In Bangkok, on a very hot and humid June day, the Jolkona team got the opportunity to visit a vocational school run by Thai Action Committee for Democracy in Burma (TACDB). Greeting us were many students dressed in white shirts and dark pants. They were there to attend 2-hour classes held every Sunday, studying subjects such as English, Thai, or computer skills. They all seemed to take these weekend classes very seriously. For many of them, this is the only education they are able to find. The majority of them have not graduated from high school and currently hold full time entry-level jobs at factories or in sales. Students can attend more than one class depends upon their financial resources.
TACDB was founded in February of 2003. Its mission aims to support the Burmese refugees and immigrants who come to Thailand from the poorest and most war-ridden areas of Burma.
Today, besides providing education and vocational training for these Burmese young adults, this non-profit organization also supports Burmese immigrants with legal assistance in labor unions. They strive to break down the language barriers for these workers, improve their awareness of their legal rights, and organize democracy campaigns to signify their presence in the Thai community.
We asked Myint Wai, the Director of TACDB, what they currently need the most. He responded without hesitation â€“ financial support. It is easy to see that the school is running way over capacity. Thailandâ€™s law dictates that there should be no more than 500 students in this size of facility, yet they are enrolling close to 850 students on a regular basis. There are 45-60 students in each class. And there are only 10 computers that are functioning and being used for teaching. All of the teachers volunteer their time. They receive nothing besides a minimal travel stipend to get to and from the school.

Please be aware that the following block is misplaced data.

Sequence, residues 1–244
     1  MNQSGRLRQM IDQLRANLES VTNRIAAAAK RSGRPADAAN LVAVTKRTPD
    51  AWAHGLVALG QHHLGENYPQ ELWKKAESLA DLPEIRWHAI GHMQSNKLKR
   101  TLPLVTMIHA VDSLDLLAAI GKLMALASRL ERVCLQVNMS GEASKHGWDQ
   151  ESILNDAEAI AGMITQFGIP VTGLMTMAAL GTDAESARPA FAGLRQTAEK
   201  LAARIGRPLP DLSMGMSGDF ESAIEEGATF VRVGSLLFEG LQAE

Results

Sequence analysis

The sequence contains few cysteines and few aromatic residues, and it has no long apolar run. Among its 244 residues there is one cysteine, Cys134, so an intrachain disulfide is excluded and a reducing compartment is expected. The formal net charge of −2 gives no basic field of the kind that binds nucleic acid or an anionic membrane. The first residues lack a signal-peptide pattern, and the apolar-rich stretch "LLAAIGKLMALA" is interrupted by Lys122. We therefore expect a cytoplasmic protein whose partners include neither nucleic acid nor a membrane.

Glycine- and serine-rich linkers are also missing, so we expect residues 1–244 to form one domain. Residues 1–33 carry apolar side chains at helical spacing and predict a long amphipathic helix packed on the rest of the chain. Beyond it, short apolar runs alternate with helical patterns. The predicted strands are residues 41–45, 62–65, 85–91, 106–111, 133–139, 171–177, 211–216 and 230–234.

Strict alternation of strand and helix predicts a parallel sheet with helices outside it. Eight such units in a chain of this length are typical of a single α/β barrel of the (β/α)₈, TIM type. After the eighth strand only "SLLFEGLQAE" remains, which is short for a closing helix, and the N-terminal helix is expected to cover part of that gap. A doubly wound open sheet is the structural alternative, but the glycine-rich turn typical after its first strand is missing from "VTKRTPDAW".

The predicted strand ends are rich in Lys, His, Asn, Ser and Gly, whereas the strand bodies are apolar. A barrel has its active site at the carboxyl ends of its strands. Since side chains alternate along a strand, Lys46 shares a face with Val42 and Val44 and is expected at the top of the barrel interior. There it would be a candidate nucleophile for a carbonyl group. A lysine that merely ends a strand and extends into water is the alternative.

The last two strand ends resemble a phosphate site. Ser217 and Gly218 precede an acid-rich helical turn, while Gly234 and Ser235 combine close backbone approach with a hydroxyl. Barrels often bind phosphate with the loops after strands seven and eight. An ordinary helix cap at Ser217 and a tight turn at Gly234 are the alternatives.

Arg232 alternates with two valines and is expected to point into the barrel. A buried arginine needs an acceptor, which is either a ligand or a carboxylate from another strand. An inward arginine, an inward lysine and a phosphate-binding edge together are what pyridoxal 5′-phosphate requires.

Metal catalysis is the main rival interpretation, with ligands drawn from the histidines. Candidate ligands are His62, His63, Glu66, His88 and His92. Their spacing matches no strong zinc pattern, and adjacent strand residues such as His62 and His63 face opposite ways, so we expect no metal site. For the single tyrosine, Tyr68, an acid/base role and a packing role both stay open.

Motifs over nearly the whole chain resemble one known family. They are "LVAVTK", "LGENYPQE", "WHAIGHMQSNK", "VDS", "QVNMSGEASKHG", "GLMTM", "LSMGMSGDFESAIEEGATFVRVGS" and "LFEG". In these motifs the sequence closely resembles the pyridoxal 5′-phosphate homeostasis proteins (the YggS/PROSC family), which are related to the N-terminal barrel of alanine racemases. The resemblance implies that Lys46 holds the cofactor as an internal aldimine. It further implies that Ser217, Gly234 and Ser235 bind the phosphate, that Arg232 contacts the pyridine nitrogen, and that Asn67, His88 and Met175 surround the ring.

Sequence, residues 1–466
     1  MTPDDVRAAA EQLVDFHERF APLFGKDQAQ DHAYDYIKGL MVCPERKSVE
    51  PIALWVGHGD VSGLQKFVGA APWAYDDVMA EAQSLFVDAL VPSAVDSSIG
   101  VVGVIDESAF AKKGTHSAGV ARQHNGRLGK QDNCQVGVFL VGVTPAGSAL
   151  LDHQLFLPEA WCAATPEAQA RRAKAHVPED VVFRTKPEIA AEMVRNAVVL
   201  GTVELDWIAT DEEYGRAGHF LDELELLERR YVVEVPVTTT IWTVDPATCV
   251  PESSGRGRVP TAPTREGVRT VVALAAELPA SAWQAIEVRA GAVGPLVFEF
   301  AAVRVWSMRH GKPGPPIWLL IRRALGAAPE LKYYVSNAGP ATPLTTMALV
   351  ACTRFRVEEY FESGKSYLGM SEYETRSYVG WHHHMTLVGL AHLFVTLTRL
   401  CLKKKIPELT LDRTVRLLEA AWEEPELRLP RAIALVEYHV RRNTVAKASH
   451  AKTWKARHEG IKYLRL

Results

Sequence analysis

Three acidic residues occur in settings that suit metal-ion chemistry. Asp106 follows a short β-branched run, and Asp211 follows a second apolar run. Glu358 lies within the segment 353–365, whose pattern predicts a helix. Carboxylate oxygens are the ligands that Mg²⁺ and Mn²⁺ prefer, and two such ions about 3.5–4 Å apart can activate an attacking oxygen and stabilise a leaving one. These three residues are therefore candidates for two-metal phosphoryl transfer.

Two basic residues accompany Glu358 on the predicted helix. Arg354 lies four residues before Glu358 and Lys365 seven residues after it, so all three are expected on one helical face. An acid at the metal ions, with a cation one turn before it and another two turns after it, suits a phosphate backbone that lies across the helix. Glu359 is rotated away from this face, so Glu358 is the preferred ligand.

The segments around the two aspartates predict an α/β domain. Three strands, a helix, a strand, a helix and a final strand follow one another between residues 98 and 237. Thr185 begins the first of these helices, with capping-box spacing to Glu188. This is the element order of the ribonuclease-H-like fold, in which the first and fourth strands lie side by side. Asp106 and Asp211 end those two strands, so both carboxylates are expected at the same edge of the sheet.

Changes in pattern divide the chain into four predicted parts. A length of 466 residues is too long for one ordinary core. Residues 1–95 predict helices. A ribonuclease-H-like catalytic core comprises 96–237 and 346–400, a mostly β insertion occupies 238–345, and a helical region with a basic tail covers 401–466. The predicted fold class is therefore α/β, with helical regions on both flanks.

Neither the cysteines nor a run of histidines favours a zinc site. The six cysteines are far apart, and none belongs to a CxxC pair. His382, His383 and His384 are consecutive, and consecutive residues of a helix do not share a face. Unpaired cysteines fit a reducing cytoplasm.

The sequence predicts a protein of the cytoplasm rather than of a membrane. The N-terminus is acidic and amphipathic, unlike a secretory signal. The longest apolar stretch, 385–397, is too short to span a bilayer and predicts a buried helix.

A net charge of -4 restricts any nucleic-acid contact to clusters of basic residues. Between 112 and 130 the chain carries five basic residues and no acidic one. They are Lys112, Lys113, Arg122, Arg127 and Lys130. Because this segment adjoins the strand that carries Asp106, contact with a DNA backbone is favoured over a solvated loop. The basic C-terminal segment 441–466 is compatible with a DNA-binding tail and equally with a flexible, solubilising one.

To further understand the impacts this school provides, we interviewed a couple students.
Ngelay-Bright has been attending English class for the past 5 years. She works full time as a sales clerk. She emphasized to us that she is saving money to continue learning at the school, because she believes advancing her language skills (both English and Thai) and computer skills will significantly improve her earnings. She wishes to one day finish high school and attend university.
Aung Naing is a fairly new student at the school. He has only been learning English for about 5 months, but he had no problem communicating with us. He said that he is thankful to have found out about the school and started studying there. It is impressive how much education, commitment, and determination can work to make a difference in the lives of these young people.
Investing in education is undoubtedly the best way to improve the lives of the Burmese refugees and immigrants in Thailand. Personally, it touched me a great deal to be able to relate their story to my own, when my family first migrated to the United States. Without the educational opportunity available to me, I wouldnâ€™t have been able to finish college, obtain a good job, adapt and establish my life in a foreign land. I am passionate to campaign for the support the â€œTACDBâ€ school needs most. Let me break it down:
- With 350 Thai bahts (11 US dollars), we can send one student to one class for 3 months.
- With 250 Thai bahts (8 US dollars), we can support the travel expenses for one volunteer teacher a week.
- With 10 donations of 1000 Thai bahts (32 US dollars), we can pay the facility fees for 1 month.
In any amount possible, I hope you consider supporting the TACDB, or at least learn more about their work.